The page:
Ajinkya Rahane is one of Indian cricket’s greatest assets. Although, he is nothing more than a back-up option in limited-overs cricket, there is hardly anyone worthy of challenging his place in the Test squad.
However, problems have been aplenty for Rahane this home season of Test cricket. He has struggled for runs whereas other Indian batsmen have come up with splendid performances. Still, he shouldn't be written off for the upcoming overseas challenges as he has the knack up standing up on demanding situations.
The Mumbai batsman averages 38.78 in 2017 which is his lowest average in a year since his Test career began four years back. He has, so far, registered just two fifties this year and his best score is 82 against Bangladesh in Hyderabad.
However, for Rahane, it is not something new as it has been the pattern of his scoring ever since he played his first Test match. He belongs to those unusual category of players who boast of a higher overseas batting average than at home.
In 42 Tests so far, Rahane averages a massive 53.44 in overseas conditions, whereas it falls to a timid 35.64 when playing at home. The difference of 17.80 between away and home averages is the fourth highest among batsmen who have played at least 30 innings each in home and away conditions, next only to the likes of Mohinder Amarnath, Darren Bravo and Ken Barrington.
Moreover, the statistics yield the same results when his year-by-year home and away batting averages are considered. Only the year 2015 is an exception when he averaged more in home matches, courtesy back to back centuries against South Africa.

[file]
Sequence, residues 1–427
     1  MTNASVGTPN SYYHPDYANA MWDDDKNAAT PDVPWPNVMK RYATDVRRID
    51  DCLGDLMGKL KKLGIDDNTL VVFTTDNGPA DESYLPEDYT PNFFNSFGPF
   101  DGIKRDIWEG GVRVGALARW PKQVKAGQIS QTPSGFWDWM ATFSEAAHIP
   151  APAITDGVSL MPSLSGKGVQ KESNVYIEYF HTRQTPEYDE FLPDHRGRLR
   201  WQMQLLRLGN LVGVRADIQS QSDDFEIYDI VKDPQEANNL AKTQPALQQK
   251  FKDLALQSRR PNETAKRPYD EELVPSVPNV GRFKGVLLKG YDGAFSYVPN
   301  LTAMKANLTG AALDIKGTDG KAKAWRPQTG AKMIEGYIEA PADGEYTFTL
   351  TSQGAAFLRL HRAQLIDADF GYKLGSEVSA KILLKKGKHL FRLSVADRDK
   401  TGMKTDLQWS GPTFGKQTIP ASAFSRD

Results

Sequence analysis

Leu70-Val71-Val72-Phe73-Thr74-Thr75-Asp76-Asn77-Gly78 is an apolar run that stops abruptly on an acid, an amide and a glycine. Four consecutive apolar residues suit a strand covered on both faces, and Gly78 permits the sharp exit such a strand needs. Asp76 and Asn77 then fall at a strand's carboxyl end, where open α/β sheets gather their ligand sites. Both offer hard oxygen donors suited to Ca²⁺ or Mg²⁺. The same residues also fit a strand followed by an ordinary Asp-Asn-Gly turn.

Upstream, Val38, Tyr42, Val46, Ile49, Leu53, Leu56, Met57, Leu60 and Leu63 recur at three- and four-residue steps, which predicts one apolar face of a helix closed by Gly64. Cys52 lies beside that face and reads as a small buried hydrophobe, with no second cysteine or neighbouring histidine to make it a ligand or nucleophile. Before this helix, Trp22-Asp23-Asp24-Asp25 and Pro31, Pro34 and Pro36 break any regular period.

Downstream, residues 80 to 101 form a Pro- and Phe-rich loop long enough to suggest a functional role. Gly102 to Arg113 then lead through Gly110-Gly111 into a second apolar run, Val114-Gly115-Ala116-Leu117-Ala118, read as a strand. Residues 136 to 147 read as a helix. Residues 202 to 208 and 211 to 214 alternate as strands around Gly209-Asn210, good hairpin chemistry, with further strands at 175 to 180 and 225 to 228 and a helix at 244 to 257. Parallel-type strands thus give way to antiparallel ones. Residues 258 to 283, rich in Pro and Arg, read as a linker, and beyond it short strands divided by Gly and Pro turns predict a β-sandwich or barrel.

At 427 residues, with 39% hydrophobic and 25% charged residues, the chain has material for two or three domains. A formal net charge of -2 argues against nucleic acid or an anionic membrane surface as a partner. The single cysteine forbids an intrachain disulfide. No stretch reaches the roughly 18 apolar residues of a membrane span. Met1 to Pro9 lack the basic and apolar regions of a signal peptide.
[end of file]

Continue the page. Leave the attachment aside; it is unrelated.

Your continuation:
His debut wasn't fruitful as he managed scores of only 7 and 1 against Australia in Delhi in 2013. However, he made his mark in the following overseas series against South Africa later that year with scores of 51* and 96. The fact that it came in tough conditions in Durban, and against world-class bowlers such as Dale Steyn, Morne Morkel, and Vernon Philander made the world take note of his class, talent and potential.
2014 was the year when he rose to prominence with centuries in New Zealand, England and Australia. He was India’s best batsman during the entire overseas campaign that year and no one came close to matching his records.
He followed that up with a superb home run in 2015 making his mark in the historic series victory against South Africa with back-to-back centuries in Delhi Test.
However, his numbers at home have kept deteriorating ever since. Apart from his innings of 188 against the Kiwis in Indore in 2016, he has hardly produced anything of substance. Since that innings he has averaged just 25 in 16 innings at home.
Despite this degrading numbers, one can always put his money on the fact that Rahane will come good in India’s upcoming overseas assignment of South Africa. He enjoys batting on fast and bouncy tracks as compared to the slow and sluggish pitches at home.
He is an excellent manipulator of pace. His sublime touches, superb wrist work and ability to play the pull and hook better than other Indian batsmen make him a highly coveted asset for the tour of South Africa.
He has an overall Test average of 59.37 while playing against South Africa and his numbers rise to 69.66 while playing in the Rainbow Nation. These numbers will surely boost his confidence and help him to come out with better performances in the upcoming tour.
He just needs to get out of his mental block that has hindered him from giving his best with the bat in recent times. The Indian team will keep backing him as they have done with most of the players during their rough patches.
Everyone knows the quality and reliability that Rahane brings to the team. So, there is no point in writing him off considering his lean patch at home. When the time comes, he will stand up once again. When the time comes, he will make his bat talk, once again. And it will happen sooner — perhaps during the tour of South Africa — rather than later.